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  • Dr. Gil Stieglitz

What to Do When You've Blown It...


We have all heard the romantic tag line: “Love means never having to say you’re sorry." The problem is that this is completely wrong. Actually, real love means always being ready to say you’re sorry - especially when you’ve really blown it. But how? Many people really struggle with the relational tool called apologizing. But this is one of the habits that we need to develop if we are going to have great relationships.

In marriage especially, you must be prepared to apologize even when you don’t think you are wrong. Remember that there are three “people” in your marriage: you - your spouse - your marriage. But even in friendships and family relationships, there will be times when you may be called upon to apologize for things you did. You may be called upon to apologize for not understanding the things that went on. You may even be called upon to apologize for actions you took that were not wrong but hurt the relationship.

Just the other day on Dana’s and my anniversary, I had to apologize for something I didn’t know about. Why did I have to? Because not doing so would have ruined our whole night! My wife was trying to get home so we could leave for our anniversary dinner and had texted me that she would be home at 6:15. So, because I had a few extra minutes, I went to get a card, a balloon, flowers, and candy for her. I went to three different stores to get just the right items -- I wanted to get it right. It was about 5:45 when my wife called me, very upset that I was not home and ready to go to dinner. I was confused and shocked, explaining that I had no idea she was at home and had gotten there so quickly. It turned out that she had sent two text messages to tell me that she was able to get away earlier. Well, I dashed home as fast as I could, apologizing for not being there but I had not gotten her texts. Just as I was apologizing, her texts vibrated into my phone. It helped that I could show her that I got the texts at 5:50, but what really helped was that I came with an apologizing spirit - one that was humble with the intent to heal the hurt caused by something not in my control.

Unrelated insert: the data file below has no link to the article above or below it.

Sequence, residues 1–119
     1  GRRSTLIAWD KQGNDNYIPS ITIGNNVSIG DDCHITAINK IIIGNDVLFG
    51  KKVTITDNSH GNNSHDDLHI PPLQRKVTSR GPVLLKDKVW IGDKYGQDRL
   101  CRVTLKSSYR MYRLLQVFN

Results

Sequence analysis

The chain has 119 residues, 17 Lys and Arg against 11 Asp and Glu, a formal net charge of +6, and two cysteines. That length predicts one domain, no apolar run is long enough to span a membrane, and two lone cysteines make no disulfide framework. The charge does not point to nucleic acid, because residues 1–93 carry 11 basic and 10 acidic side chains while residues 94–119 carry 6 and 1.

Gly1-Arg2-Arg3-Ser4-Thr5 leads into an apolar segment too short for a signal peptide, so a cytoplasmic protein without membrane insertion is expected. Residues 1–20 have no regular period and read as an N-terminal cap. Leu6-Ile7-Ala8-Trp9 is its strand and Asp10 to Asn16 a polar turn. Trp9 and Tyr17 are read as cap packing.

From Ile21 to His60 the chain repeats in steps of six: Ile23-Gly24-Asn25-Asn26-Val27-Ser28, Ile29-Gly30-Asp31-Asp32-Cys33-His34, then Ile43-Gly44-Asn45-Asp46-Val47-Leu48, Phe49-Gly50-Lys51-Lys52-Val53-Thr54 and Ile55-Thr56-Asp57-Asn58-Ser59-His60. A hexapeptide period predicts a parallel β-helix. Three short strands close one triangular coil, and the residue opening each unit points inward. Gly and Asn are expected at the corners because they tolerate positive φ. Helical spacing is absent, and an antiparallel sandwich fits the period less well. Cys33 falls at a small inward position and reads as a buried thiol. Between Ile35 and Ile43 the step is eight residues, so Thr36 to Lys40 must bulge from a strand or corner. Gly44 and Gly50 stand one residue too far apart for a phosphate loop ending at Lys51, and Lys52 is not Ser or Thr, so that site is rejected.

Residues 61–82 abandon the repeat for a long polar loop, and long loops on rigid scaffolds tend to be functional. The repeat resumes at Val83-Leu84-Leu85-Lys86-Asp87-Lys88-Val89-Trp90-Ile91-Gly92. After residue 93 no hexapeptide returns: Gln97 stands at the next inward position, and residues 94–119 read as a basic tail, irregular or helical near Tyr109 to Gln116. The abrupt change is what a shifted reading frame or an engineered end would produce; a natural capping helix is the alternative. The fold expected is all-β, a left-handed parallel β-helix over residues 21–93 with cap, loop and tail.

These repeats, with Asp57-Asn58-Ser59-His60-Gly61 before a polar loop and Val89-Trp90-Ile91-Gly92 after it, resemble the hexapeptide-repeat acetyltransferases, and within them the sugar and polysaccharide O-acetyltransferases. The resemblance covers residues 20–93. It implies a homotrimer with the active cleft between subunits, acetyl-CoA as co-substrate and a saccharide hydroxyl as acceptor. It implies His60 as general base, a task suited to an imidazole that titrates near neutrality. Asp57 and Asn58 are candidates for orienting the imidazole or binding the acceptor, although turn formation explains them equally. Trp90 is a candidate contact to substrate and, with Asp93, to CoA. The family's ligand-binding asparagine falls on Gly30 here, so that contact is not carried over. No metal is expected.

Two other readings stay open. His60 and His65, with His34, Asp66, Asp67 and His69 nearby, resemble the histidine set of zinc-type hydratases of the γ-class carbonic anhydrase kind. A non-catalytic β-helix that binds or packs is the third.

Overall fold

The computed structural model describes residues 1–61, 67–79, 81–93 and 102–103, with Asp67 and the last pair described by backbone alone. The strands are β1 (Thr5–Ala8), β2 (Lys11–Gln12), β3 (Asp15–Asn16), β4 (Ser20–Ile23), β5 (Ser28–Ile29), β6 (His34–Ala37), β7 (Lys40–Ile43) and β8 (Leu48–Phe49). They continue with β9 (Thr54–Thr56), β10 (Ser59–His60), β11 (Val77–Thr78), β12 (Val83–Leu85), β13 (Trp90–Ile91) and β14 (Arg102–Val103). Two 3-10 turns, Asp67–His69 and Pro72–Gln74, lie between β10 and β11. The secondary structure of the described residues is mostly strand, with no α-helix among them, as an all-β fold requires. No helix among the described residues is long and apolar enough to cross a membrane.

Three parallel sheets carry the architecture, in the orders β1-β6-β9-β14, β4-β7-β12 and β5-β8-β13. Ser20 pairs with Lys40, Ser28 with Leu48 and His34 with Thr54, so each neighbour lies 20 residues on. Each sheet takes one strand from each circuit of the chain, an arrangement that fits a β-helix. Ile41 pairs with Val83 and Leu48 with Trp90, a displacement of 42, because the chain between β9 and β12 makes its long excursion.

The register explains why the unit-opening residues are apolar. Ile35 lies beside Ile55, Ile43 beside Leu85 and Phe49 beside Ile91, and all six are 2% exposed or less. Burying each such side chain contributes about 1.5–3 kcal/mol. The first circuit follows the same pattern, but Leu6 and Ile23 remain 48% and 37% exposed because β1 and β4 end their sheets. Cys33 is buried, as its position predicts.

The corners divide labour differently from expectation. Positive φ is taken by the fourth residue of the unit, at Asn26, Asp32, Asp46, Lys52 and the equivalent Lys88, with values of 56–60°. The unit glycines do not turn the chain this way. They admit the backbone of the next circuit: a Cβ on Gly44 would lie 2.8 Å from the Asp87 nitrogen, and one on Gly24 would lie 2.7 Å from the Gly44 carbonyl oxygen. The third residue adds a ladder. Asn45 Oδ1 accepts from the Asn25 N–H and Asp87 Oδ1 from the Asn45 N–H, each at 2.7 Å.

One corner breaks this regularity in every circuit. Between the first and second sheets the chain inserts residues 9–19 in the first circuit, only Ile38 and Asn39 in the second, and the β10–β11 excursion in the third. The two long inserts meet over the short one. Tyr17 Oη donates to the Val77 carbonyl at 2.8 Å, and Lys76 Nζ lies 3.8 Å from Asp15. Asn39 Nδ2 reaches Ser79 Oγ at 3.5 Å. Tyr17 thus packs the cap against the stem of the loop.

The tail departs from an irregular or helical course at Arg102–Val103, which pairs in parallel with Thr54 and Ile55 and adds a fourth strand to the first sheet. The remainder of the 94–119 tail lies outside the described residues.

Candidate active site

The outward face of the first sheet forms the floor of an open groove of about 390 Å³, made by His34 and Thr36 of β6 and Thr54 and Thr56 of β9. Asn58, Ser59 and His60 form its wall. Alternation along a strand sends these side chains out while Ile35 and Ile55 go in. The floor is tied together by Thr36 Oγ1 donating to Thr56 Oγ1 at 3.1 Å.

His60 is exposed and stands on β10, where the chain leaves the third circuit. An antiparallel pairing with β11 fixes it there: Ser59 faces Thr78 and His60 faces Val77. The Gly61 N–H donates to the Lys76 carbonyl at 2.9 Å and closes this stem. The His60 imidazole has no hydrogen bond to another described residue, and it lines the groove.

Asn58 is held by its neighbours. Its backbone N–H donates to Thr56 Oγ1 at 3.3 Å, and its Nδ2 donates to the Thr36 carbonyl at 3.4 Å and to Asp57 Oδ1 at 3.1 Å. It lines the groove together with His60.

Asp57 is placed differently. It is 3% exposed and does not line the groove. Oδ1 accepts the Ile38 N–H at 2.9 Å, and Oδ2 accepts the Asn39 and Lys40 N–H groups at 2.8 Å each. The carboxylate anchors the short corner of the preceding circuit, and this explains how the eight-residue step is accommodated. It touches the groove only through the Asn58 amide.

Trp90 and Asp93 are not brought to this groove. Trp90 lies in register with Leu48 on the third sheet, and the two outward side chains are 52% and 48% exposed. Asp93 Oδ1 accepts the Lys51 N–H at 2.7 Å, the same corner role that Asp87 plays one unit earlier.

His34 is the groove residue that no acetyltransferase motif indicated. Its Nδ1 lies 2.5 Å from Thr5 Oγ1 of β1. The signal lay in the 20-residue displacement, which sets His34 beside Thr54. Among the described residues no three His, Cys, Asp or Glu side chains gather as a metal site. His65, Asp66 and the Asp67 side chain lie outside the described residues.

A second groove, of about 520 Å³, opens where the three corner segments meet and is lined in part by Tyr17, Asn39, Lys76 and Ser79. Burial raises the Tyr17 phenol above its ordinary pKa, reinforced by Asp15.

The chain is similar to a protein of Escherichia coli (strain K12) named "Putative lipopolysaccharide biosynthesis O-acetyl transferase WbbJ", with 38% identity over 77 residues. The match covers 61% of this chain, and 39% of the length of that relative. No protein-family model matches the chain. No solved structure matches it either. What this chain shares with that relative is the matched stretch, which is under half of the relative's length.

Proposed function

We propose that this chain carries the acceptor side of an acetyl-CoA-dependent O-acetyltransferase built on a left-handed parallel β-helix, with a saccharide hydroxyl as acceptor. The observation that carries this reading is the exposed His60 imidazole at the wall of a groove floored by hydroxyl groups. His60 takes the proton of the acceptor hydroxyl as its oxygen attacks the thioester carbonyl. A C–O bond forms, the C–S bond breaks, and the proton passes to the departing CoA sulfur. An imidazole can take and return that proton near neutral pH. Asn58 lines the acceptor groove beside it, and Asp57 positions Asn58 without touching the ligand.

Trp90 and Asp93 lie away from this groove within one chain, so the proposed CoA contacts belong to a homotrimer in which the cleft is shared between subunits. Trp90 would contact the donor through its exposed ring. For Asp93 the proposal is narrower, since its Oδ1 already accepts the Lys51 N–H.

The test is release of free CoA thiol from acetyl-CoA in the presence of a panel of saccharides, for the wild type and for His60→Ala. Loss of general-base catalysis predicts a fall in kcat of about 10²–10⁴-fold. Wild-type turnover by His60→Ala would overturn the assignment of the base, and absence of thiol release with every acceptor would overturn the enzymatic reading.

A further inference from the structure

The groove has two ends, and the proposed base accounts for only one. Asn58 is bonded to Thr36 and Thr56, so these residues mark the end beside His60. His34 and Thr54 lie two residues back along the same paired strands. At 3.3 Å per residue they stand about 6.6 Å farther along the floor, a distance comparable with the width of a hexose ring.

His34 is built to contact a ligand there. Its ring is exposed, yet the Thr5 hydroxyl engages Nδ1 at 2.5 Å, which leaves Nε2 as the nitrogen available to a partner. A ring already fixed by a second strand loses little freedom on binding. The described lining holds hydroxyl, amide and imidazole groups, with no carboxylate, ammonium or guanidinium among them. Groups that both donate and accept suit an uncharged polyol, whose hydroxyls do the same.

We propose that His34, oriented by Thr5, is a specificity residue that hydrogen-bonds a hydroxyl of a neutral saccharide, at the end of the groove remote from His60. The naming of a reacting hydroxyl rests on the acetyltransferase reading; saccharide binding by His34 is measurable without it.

Since it was clear to my wife that I wanted to be with her just as much as she did, we went on with the evening and had a terrific time. It would not have helped if I would have come with an arrogant spirit proving to her I hadn’t messed up and she should not have been upset with me. But I apologized even though there was no way that I could have known because of the late texts.

There are three types of apologies that we need to be comfortable making to move relationships forward. The quick apology is one that shows the attitude of apologizing and a desire to have the relationship be mended. It is not a formal apology but humbling of oneself, saying the words in a soft and gentle tone, “I am so sorry. I apologize for how this came off. I wish I had received your texts, and I am sorry that this evening is not getting off to the start we had both wanted.”

The second kind of apology is one in which you need to apologize for something that you did that was not overwhelmingly bad. You still start with a gentle spirit and apologize for doing what you did or didn’t do. “I am sorry for stepping on your dress.” “I apologize for accusing you when I didn’t have all the facts.” “I am really sorry that we got our wires crossed and I forgot to put the trash out.” “I apologize for my stupidity... for my laziness... for what I said at the party that insulted you and your friend.” You get the idea. If your spouse or friend or coworker is able to receive your apology and realize that you really meant it and did not intend to damage the relationship, then this simple but specific apology should be all that is necessary.